Ephemera articles and stories that will
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We Are All One

To make a personal long long story very very short, I was a stamp collector before I was an ephemera collector. But the more 19th-century stamps on envelopes I saw, the more I began finding my eyes roving to the left, finding myself less interested in the postage stamp at the upper right, or its…

Whale Washing

Today as I write, this large, reverse-painted-on-glass nineteenth-century advertising sign is to be auctioned by Morphy’s. The image of a whale being cleaned by Soapine is one of those truly classic vintage images, and variations on the theme are popular collectibles. (For that matter, any i…

Yankee Peddler

In an earlier blog, I made the point that the “separate hobbies” of collecting paper, stamps, postal history, prints, and antique objects are often—perhaps always—part of the same historical trail, one encompassing hobby. Some folks chose to focus in one or another aspect, others collect a bit o…

Scratching the Surface

So many kinds of interesting ephemera, so little time. I find match scratchers, a useful thing to have on hand back in the day of ubiquitous wooden matches, to be pretty interesting. There are all sorts of ceramic and other pottery match scratchers (also called match strikers) out there; tho…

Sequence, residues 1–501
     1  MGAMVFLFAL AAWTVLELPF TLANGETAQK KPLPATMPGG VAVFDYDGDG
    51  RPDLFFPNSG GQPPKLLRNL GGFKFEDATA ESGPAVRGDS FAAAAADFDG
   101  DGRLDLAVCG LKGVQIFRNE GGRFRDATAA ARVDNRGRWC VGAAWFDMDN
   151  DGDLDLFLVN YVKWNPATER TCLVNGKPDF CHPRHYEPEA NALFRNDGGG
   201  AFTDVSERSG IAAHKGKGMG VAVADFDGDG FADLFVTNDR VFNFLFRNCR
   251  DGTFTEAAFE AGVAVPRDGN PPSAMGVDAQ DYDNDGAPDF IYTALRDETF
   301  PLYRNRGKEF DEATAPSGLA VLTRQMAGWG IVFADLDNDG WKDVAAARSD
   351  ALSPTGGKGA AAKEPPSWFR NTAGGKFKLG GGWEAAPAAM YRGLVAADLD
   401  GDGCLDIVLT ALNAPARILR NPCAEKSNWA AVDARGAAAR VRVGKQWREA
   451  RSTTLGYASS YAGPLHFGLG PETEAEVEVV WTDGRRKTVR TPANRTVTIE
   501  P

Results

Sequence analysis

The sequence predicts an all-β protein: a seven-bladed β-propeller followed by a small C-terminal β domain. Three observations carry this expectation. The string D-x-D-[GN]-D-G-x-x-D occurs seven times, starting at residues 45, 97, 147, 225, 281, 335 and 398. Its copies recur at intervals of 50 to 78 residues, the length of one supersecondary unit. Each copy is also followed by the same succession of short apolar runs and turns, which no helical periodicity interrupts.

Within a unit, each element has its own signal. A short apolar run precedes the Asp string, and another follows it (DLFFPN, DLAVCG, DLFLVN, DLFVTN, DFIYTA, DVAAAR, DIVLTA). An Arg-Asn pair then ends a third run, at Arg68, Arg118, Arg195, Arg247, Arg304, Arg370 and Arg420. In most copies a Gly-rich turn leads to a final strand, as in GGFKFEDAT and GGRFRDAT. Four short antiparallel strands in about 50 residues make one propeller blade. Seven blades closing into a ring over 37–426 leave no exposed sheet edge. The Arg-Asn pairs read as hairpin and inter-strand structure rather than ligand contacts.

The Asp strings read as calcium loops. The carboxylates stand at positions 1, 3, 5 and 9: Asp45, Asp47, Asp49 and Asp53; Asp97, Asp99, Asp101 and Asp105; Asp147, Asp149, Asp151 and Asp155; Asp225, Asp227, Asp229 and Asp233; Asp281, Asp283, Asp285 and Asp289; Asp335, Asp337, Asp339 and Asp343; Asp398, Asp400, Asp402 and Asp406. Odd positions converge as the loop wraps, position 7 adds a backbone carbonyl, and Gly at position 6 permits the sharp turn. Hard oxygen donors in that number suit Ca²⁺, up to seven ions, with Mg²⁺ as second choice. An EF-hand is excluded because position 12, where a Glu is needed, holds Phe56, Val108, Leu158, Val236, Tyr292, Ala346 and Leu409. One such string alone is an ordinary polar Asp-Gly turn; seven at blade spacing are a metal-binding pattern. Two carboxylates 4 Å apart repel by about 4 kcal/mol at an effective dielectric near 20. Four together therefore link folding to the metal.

Greetings from “Over There”

Holiday and other greeting cards in the United States developed throughout the 19th century, but by the first decade of the 20th century, the industry was dominated by postcards designed and printed in Germany. That ended with the outbreak of WWI. During “The War To End All Wars” (yeah, right…

Marbled Edge Continental Currency Challenged British Counterfeiting

Early American paper money is separated into two categories: colonial currency, issued by the individual colonies as early as 1690 and continental currency, issued from 1775 until 1779 by the newly formed Continental Congress. The paper bills issued by the colonies were known as “bills of credit…

Over The Top

One of the basic human needs is to have a roof overhead to protect from rain, sleet, snow, high winds and wildlife looking to nest. In new construction, roofing structure (lumber) is installed, topped off with some all-important waterproof sealant . . . tiles, slate, shingles, asphalt, tin, iron…

Wacky Victorian Imagery

By and large, many folks think of the Victorian Era as a period of straight-laced, repressed conformity. But it was not, in any of a dozen different ways. One of the most wonderful things about Victorian graphics is the abundance of unexpected and totally delightful, off-the-wall fantasy concept…

Mining Nuggets Buried in the Fog of Time

The cultural past as codified in history books might be likened to the bare, standing steel framework of a skyscraper: we can see the broad outline, but not yet the myriad details which make the building come alive. Many a piece of printed ephemera that has somehow survived the vicissitudes of T…